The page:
Taking place 9th-15th October every year, Baby Loss Awareness Week aims to raise awareness about pregnancy and baby loss in the UK. Stigma and silence often mean families feel isolated in their grief. COVID-19 has made this worse. 
 
Today, guest blogger and Grief Recovery Specialist Detola Amure shares her story. 
Detola Amure Advanced Grief Recovery Specialist
This is a time for compassion and empathy. As we go back into local lockdowns and the rate of infection increases, anxiety is also rising. Getting through the day can be hard enough for some. 
 
We are calling on you to take notice, listen, and comfort others without trying to fix, analyse or explain, or change the topic back to yourself. 
How to actively listen
To mark World Alzheimer’s Month, we’d like to acknowledge everyone who is living or has lived through their loved one’s decline from this disease. Our hearts go out to you. 
 
From the early signs, when you barely notice anything is wrong, to witnessing confusion, to the point where your loved one barely recognises you - all come with a layer of heartbreak and feelings of loss. Each appointment that brings another reminder of gradual decline can hit you like a tonne of bricks. 
Grieving the Living: Alzheimer's
“If only I could tell them I love them one more time.” 
“If only I could touch them again.” 
“If only we could have one more day together.” 
 
Wishes like these are incredibly common for grievers and are not only heard after a death, but also after a breakup, divorce, or a loved one moving far away. They may seem like factual statements, but they’re actually emotional statements that reflect the pain of longing. Two partners in a long-distance relationship, for example, may experience longing even though they can routinely talk on the phone. A mother may yearn for her child after she leaves for university. We may even have dreams where we reach out for our loved one and are never quite able to grasp them. 
Yearning for partner
“Emotional baggage” is a popular term implying that someone has done a poor job of moving on from past painful relationships. Unfortunately, it is often blamed for many breakups.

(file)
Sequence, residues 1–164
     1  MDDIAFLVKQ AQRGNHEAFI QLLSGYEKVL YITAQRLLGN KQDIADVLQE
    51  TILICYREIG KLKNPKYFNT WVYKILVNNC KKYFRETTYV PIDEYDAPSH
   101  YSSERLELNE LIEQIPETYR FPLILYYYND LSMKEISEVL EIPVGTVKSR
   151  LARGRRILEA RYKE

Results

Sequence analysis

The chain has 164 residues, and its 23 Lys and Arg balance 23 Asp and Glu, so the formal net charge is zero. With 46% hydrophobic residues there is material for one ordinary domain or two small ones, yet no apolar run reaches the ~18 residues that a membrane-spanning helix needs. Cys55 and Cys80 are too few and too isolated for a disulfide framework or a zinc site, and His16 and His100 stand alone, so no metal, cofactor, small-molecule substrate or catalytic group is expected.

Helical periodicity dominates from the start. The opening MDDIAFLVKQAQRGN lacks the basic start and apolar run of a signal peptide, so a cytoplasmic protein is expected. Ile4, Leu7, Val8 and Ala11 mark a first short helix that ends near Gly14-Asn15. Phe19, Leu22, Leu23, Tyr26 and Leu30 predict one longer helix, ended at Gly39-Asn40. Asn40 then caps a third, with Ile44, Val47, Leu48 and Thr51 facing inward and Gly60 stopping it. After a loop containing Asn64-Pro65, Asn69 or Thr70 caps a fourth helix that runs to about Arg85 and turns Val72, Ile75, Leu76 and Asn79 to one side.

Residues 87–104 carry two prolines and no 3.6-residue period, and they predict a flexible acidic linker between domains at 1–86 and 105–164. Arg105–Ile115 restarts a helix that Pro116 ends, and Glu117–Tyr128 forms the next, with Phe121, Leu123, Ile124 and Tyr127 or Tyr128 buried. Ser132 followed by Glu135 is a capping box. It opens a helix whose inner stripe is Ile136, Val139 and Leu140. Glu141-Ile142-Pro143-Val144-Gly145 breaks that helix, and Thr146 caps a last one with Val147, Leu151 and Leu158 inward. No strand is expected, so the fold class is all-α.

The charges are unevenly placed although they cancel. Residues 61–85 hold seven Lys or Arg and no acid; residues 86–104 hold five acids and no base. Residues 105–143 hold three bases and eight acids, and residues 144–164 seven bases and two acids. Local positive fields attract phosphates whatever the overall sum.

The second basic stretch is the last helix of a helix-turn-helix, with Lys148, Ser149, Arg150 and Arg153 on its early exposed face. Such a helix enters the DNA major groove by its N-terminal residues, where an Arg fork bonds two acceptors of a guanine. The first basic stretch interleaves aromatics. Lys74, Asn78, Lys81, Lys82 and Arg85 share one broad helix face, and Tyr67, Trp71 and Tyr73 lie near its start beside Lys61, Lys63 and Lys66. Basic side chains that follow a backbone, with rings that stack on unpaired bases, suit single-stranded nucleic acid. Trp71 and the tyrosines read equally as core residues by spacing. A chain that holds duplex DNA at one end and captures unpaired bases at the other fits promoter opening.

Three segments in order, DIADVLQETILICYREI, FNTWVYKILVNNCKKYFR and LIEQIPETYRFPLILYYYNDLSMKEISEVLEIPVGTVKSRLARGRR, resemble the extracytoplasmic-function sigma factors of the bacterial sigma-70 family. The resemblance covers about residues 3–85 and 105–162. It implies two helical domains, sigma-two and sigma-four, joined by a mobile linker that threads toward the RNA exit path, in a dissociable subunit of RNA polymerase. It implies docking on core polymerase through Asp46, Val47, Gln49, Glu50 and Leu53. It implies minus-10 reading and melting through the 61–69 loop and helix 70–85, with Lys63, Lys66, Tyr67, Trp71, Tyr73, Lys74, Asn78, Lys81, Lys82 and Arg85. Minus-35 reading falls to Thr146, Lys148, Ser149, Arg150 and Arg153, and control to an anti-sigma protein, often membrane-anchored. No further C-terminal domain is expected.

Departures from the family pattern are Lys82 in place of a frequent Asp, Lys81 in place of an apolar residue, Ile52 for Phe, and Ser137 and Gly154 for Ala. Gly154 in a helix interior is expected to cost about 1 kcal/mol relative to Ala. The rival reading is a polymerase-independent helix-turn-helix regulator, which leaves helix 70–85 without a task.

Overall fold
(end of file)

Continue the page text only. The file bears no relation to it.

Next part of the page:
As much as we like to accuse others of having too much emotional baggage, the truth is that all of us have it. 
Emotional baggage ruined relationship
How many times have you heard one of the following? 
 
“It’s really time you should move on, get on with your life.” 
“You should really go out and meet people.” 
“Don’t worry, there are plenty of other fish in the sea.” 
“What’s in the past is in the past. Stop dwelling on it.” 
 
Even though this is well-intentioned advice, it’s rarely very helpful – if we could move on, most of us would have done it long ago! 
How to get over your ex
Lockdown has brought about a sudden and unexpected loss of income for thousands. Even those who have been put on the furlough scheme are still not in receipt of their full monthly income. Then there are those who have been excluded from government schemes, such as the newly self-employed, company directors, and freelance workers. Some have taken pay cuts, and others have lost their jobs altogether. 
 
This level of loss can be devastating. It’s the loss of your financial security, loss of perhaps being able to buy food, and could mean the loss of your home. There are no ceremonies around the loss of finances and the dreams that went with them. We are left feeling unfinished and lost. 
Loss of financial security in Lockdown
Father’s Day can be a very triggering time for many of us especially if: 
 
your father has died, even if it was a long time ago 
the father of your children has died 
you didn’t get the chance to get to know your father and they were absent from your life 
you’re a father and your child has died 
you’re male and a child you conceived was never born, or was stillborn, or was born but lived for a short time 
you’ve experienced infertility and there’s never been a pregnancy, as we establish relationships to the child we want and have hopes and dreams about 
Father's Day is complicated
As Fathers’ Day approaches, it is quite common practice, especially in early education, to make Fathers’ Day cards and even gifts. Sadly, not all children have a dad around. Their dad may have died, and it could be their first Fathers’ Day without their dad. Their parents may have divorced, and their dad might have moved away and lost touch. They may be in foster care and not have built up enough of a relationship with their foster father to feel comfortable with giving a card. 
Father's Day without a dad
As employees start to return to work, now is a good time to start planning how your business is going to support those who have been bereaved during Lockdown. 
 
Identifying employees who have been bereaved can be ascertained by line managers during catch-up calls, or via a simple email survey. This is important, as you may not have a clear indication of those who have lost friends and family members outside of immediate family. For immediate family losses, we have guidelines for writing sympathy letters here
Grief in the Workplace
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